Loughborough University
Leicestershire, UK
LE11 3TU
+44 (0)1509 263171
Loughborough University

Loughborough University Institutional Repository

Please use this identifier to cite or link to this item: https://dspace.lboro.ac.uk/2134/25337

Title: Aeolian dust as a transport hazard
Authors: Baddock, Matthew C.
Strong, Craig L.
Murray, Patrick S.
McTainsh, Grant H.
Keywords: Duststorm
Sandstorm
Air safety
Aerosols
Eolian
Visibility
Issue Date: 2013
Publisher: © Elsevier
Citation: BADDOCK, M. ... et al., 2013. Aeolian dust as a transport hazard. Atmospheric Environment, 71, pp.7-14.
Abstract: The effects of blowing dust on transport operations are often mentioned as one of the significant impacts of aeolian processes on human welfare. However, few studies have been presented to demonstrate this impact. This research examined official air traffic incident reports in Australia for inclusively 1969-2010 to characterise the hazard of blowing dust to aviation in the country, the first such study of its kind. For the 42 year record, 61 incidents were identified (mean 1.4 per annum), with the large majority occurring in the first half of the 1970s. Only 20% of incidents occurred from 1984 onwards. Australian dust activity has not decreased over time, and the reduction in incidents is partly explained by improvements in aviation technology. The centralisation of Air Traffic Control operations to major coastal cities may however have reduced pilot reporting of dust-induced aviation incidents. By type of dust activity, dust storms were associated with nearly half of the reported incidents and dust hazes produced around a quarter. Only 5% of incidents resulted in any physical damage to aircraft and only one case involving personal injury was reported. The majority of the adverse effects on aviation due to dust (nearly 60% of reported incidents) were related to difficulties for navigation and completion of scheduled journey. Since aircraft damage and bodily harm were rare, the impact of dust in Australia is mostly that of inconvenience and associated raised economic costs. From 1990, the temporal pattern of incidents does not show any significant increase despite several intensely dusty years associated with recent droughts. This suggests that Australian aviation safety may be relatively resistant to the adverse effects of atmospheric dust as a hazard.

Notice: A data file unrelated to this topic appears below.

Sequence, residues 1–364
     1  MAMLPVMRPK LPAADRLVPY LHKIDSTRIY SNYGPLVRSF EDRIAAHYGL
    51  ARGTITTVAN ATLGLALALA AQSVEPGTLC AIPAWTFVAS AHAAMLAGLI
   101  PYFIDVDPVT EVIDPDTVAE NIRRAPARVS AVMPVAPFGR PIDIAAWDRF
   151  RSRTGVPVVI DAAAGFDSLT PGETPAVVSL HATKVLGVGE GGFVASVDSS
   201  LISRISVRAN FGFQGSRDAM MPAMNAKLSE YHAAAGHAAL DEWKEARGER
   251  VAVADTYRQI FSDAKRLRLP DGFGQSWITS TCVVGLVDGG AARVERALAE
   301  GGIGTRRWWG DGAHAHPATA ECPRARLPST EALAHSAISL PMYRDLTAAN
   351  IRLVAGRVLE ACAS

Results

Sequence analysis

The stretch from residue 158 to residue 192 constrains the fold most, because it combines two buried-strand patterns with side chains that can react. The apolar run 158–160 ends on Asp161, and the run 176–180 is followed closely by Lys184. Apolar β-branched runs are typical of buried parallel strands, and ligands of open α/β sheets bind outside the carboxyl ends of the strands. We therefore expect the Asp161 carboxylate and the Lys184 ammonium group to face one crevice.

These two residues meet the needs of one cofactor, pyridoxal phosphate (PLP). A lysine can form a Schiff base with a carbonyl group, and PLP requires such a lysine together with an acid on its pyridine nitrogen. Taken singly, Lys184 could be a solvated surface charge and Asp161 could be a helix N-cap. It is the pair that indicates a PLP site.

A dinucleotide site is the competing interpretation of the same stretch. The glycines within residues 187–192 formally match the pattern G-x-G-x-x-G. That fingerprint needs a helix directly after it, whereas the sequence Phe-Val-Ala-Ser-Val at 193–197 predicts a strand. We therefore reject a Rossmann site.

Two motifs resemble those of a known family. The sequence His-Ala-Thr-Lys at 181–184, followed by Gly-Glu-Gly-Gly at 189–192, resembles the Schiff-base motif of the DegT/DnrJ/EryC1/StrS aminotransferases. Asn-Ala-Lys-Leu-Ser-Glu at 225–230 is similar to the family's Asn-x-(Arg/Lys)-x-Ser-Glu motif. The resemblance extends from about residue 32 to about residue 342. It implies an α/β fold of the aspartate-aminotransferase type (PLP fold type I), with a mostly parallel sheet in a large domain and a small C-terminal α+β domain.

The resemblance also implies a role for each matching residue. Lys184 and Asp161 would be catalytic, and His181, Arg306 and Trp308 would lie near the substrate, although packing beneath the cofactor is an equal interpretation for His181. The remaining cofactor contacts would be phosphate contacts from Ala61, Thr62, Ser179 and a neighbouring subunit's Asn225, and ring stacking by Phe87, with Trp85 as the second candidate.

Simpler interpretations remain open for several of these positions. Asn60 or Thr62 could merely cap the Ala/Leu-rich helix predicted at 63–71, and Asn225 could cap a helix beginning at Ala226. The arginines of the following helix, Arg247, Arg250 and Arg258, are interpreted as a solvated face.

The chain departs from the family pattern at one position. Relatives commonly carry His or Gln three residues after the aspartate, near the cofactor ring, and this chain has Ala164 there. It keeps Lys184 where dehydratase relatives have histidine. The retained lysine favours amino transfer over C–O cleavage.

Version: Accepted for publication
DOI: 10.1016/j.atmosenv.2013.01.042
URI: https://dspace.lboro.ac.uk/2134/25337
Publisher Link: http://dx.doi.org/10.1016/j.atmosenv.2013.01.042
ISSN: 1352-2310
Appears in Collections:Published Articles (Geography)

Files associated with this item:

File Description SizeFormat
baddock_etal_2013_AtmosphericEnvironment_accepted.pdfAccepted version353.06 kBAdobe PDFView/Open

 

SFX Query

Items in DSpace are protected by copyright, with all rights reserved, unless otherwise indicated.